The gargantuan pile of snow sitting at the end of Sierra Boulevard in South Lake Tahoe is enough to fill 10,000 dump trucks. Billy Newman knows that because he and his crew hauled it down Highway 50 themselves.
“(This) is all the snow we collect from the inside of the boulevard here,” said Newman told 2 News on Thursday. He’s the CalTrans South Lake Tahoe maintenance supervisor.
“We push all the snow to the middle (of the road), and then we haul it to this location where it will sit and melt, and then we’ll clean up in the springtime,” he said.
He added that the stack is looking more massive than usual this year. CalTrans recently had to drive a snowcat and an excavator to the top to shift the snow backwards and create more room on the storage lot.
Once in a while, when the mound gets too tall, the snow slides back down and ruins their work.
“It’s been extremely challenging with the amount of snow that we have and the timeframe that it came in,” he said. “We have about 393 inches on record for this year, so that’s nearly 33 feet of snow in very short periods of time, short bursts.”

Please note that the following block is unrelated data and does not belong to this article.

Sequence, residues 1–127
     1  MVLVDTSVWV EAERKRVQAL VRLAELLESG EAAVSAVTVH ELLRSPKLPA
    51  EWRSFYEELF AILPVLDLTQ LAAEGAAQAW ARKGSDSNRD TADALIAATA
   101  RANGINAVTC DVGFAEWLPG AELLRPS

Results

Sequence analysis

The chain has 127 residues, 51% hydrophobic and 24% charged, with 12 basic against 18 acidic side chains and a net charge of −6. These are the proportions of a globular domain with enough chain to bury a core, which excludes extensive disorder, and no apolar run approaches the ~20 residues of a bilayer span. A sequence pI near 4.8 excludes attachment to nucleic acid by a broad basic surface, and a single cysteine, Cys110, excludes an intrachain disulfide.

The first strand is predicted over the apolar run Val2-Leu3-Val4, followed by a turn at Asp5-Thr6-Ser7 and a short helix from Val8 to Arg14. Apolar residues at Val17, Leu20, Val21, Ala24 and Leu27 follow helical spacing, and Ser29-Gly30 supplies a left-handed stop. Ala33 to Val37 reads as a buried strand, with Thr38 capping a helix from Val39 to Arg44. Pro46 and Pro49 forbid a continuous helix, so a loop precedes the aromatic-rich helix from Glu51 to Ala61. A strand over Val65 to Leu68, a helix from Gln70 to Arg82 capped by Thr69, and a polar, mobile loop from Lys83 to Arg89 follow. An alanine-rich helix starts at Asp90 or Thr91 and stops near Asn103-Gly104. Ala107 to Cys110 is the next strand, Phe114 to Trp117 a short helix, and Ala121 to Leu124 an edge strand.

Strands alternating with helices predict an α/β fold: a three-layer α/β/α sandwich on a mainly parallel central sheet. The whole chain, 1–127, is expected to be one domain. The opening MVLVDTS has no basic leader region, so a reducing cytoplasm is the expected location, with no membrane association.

He and his team will be adding another 3,000 dump trucks of snow to the pile in the coming weeks as they continue to dig out the roads.
South Lake Tahoe and CalTrans workers have been plowing non-stop as winter storms relentlessly blanket the city. Maintenance employees with both agencies are on 12-hour rotating shifts, and they work every day. Newman said that CalTrans plow drivers often sleep in dorms, and when storms are heavy, they might not see their families for up to a month.
“We’re just doing what we can to provide a safe and reliable transportation network,” Newman said.
And one truckload at a time, they’re adding to the heap at the end of Sierra Boulevard.